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What It’s Like to Work with Damian Lewis on Billions – March 26, 2018

Asia Kate Dillon on Billions Season 3 and the Evolution of Taylor Mason

by Christina Radish | Collider | March 26, 2018

Source: Showtime

The Showtime series Billions is back for Season 3, with Chuck Rhoades (Paul Giamatti) and Bobby “Axe” Axelrod (Damian Lewis) still determined to destroy each other, but now also battling for their own survival amid powerful enemies. And with a constantly shifting world, money, power, justice and revenge are all on the line for each of the characters, as they fight to figure out just what’s most important to them.

During this 1-on-1 interview with Collider, Asia Kate Dillon (who plays Taylor Mason, one of the most fascinating and compelling characters currently on TV) talked about why they wanted to be a part of Billions, how this character came to be, being a fan of the show you’re a part of, how things are different this season, as a series regular, the journey for Season 3, what Taylor is driven by, what it’s like to work with co-star Damian Lewis, and the experience of getting to work with so many different directors.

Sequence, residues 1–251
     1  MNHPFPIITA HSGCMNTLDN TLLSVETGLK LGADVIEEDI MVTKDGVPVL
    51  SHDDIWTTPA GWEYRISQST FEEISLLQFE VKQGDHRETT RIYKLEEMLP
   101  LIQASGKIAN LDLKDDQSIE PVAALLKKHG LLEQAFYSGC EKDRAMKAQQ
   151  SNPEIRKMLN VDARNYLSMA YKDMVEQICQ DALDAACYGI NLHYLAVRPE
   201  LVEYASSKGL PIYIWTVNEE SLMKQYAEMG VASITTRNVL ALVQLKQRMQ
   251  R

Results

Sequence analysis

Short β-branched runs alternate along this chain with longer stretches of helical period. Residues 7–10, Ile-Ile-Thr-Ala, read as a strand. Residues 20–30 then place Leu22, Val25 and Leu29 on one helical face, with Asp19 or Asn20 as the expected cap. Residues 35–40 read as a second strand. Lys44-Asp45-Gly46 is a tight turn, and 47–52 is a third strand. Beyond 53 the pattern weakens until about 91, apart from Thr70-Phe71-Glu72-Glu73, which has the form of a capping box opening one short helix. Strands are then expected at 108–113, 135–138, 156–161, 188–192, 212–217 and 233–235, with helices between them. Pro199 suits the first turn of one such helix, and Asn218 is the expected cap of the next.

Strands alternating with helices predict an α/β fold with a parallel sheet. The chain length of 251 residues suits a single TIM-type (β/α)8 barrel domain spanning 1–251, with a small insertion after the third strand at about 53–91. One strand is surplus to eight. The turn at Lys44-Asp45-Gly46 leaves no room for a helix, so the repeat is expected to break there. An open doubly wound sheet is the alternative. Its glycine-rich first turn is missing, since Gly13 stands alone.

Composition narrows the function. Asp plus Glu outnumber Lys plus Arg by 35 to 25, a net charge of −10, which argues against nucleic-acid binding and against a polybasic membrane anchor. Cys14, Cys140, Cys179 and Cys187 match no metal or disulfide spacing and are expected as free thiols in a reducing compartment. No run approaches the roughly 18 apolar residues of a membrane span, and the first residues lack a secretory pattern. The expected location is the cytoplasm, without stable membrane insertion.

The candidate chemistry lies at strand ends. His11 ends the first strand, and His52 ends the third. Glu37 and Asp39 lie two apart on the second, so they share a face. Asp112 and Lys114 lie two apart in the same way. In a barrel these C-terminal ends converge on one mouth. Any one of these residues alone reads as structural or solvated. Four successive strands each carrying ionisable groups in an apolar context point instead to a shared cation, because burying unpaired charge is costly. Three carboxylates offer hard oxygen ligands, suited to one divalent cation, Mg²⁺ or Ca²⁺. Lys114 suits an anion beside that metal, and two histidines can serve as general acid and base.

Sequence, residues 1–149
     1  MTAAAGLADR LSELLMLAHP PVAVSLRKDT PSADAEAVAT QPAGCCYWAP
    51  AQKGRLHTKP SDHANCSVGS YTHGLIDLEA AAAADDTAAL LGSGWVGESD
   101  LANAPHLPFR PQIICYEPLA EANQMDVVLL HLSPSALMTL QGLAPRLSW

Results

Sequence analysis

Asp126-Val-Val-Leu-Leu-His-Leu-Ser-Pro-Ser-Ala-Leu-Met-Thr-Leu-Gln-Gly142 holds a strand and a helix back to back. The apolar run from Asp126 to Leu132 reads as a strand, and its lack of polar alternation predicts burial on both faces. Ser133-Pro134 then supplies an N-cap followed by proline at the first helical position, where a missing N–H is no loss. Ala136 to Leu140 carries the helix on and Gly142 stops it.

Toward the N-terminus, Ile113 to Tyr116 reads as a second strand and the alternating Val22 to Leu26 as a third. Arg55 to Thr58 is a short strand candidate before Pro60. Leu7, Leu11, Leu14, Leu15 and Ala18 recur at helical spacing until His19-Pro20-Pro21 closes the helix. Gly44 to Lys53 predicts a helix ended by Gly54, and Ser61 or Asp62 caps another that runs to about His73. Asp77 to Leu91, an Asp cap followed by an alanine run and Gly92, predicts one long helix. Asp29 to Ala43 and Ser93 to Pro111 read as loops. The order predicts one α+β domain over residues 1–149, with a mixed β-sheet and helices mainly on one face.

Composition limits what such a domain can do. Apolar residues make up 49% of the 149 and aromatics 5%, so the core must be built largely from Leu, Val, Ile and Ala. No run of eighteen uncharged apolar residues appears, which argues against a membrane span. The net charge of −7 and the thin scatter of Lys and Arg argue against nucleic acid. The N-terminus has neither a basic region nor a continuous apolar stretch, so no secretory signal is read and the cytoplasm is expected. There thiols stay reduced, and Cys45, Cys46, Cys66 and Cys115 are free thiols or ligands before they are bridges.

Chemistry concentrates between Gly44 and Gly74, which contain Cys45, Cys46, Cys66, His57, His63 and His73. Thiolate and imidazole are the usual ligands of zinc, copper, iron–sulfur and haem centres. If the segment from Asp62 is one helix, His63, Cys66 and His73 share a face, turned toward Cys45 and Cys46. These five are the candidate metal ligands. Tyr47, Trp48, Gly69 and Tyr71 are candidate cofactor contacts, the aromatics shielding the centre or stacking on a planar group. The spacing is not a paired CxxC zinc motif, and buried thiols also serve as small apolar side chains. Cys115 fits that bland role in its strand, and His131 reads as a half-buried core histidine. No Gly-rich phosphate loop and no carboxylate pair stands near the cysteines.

What’s it been like to work with Damian Lewis and play that dynamic?

DILLON: Damian is an extraordinary actor, and he’s also a very extraordinary and gracious human being. Working with someone like Damian is like playing tennis with someone who makes you better for having played with them. He’s present, he’s conscious, he’s listening and he’s reacting truthfully, in the moment. And then, on top of that, he’s hilarious and totally relaxed. You have to be able to not take yourself too seriously, so that you can take the work really seriously.

Especially when it’s such intense subject matter.

DILLON: That sort of tension, all the time, which works for some people. Some actors are that way. For us, we are having fun when we are being serious ‘cause it’s all fun. We’re able to joke and have a good time, and then when it’s time to call, “Action!,” we’re right there.

Read the rest of the original article at Collider